Top 10 Christmas songs

Christmas coming! That means mince pies, marathon TV-watching sessions and, yes, Christmas songs. Although you might have heard some of the anthems below so many times before that you'll want to want to perforate your eardrums with a candy cane – don't! You'll regret it later, and many festive pop songs are great works of art. If you really, properly listen to our countdown of the Top 10 festive tunes, you might just find your heart filling up with Christmas joy. 

Top 10 Christmas songs

Mariah Carey – 'All I Want For Christmas Is You'

It’s not the best-selling Christmas anthem (that’s Bing at number five) and heck, it didn’t even make it to Number One in the UK, but Mariah tops our list of the greatest ever festive songs for one good reason – it’s catchier than a Christmas cold. Originally released in 1994, this selfless plea to be with a loved one has everything: sleigh bells, pop hooks, the right balance of schmaltz and soul, and uplifting vibes strong enough to launch a jump-jet. Sure, Wham! know their way around a chart-topper, but who wants to think about being jilted by an ex in the holidays? Darlene Love’s classic at number four shares a similar sentiment, but her bluesy howl can’t replicate the gaiety of Mariah’s falsetto. Nor can The Pogues’ rasping Shane MacGowan for that matter. The acid test of a great Christmas song is whether you get bored of it, and this one, we’re sure, is for life.

Wham! – 'Last Christmas'

There are so many winning elements to Wham!’s 1984 smash that its status as a solid gold Christmas staple – covered by such diverse talents as Taylor Swift, Coldplay and Crazy Frog – is forever guaranteed. A ballad of doomed romance, it features sleighbells and synths, plus some truly memorable knitwear in the video. But what really sets ‘Last Christmas’ apart is George Michael’s heart-on-sleeve delivery: his genuine heartbreak horror (‘My God! I thought you were someone to rely on’) and wistful, sexy whispers. The words ‘Merry Christmas’ never sounded so sultry. And that’s what makes this song so very special (special).

The Pogues and Kirsty MacColl – 'Fairytale of New York'

Yes, you will hear it on repeat in the shops. Yes, the band are scraping the barrel a bit putting on an entire annual Christmas show, mainly for the purpose of playing this song live. But when was the last time you properly listened to Kirsty MacColl and The Pogues’ epic Big Apple-set fable? Shut your eyes and give it a go, and if you aren’t a nervous wreck by the fade-out, your heart (like that jumper from your nan) is two sizes too small. ‘Fairytale…’ is a perfect four-minute narrative of hope, despair and heartbreak – and, despite the profanity, it ends with love. It’s also 25 years old this year: high time it was Christmas Number One.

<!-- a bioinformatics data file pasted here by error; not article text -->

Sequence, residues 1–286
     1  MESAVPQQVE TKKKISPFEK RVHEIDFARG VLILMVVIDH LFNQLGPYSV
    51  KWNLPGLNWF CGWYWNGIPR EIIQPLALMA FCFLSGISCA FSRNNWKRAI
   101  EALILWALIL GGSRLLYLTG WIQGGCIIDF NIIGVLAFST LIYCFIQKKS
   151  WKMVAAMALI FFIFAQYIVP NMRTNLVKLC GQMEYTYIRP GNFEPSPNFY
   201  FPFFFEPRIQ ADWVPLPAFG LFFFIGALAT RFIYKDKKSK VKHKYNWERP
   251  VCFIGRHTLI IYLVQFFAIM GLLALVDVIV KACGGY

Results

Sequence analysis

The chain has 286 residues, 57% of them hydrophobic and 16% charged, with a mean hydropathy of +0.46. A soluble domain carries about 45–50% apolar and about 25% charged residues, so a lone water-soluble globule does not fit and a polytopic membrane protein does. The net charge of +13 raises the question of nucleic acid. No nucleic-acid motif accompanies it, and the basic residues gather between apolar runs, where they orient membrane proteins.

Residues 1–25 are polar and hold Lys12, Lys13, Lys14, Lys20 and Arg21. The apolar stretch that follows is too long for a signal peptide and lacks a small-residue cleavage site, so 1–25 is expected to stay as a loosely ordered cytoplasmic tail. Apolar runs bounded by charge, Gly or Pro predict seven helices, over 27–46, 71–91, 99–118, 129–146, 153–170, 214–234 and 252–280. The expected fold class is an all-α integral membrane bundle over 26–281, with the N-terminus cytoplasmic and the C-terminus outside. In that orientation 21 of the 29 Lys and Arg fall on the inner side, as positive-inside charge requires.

John Lennon & Yoko Ono – 'Happy Xmas (War Is Over)'

Euphoric and scathing, as hopeful as it is resigned, John Lennon and Yoko Ono’s definitive festive peace-on-earth song has transcended its original anti-Vietnam War purpose to become a Christmas stalwart.

The Waitresses – 'Christmas Wrapping'

As we get older Christmas begins to feel like little more than an inconvenience, but this bouncy new wave gem reminds us to resist the impulse to scream ‘bah, humbug’ and simply go with it. It may be the end of a tiring year, you may even be facing the possibility of a Christmas dinner for one, but, one way or another, the festive spirit will see you through. And if this song’s stomping disco rhythm section doesn’t pep you up, nothing will.

Kurtis Blow – 'Christmas Rappin'

At the beginning of this somewhat unlikely 1979 Christmas smash, you can hear the moment at which hip hop arrived. Interrupting a starchy recital of ’A Visit from St Nicholas’, Kurtis Blow launches into his own inner city yarn about Santa showing up to a Harlem Christmas party, producing a Yuletide classic – and rap’s first major label hit.

Band Aid – 'Do They Know It’s Christmas?'

Bob Geldof and Midge Ure’s 1984 reaction to the Ethiopian famine, with contributions from Phil Collins, Sting, Bowie, Macca and Bono, was a publicity machine of epic proportions. It worked: ‘Do They Know It’s Christmas?’ stayed at the top spot for five weeks, and was the biggest UK chart success of the decade. Put that all aside, and it’s also just a great (and surprisingly unconventional) pop song.

Slow Club – 'Christmas TV'

It’s a lesser-known festive favourite, but this ballad of December love is the definitive indie Christmas track. Slow Club’s boy/girl vocals tell a story of lovers desperately holding on to a moment of Christmas togetherness before they’re separated by life. It’s pretty and heartwrenching – and gives meaning to the phrase ‘Christmas twee’.


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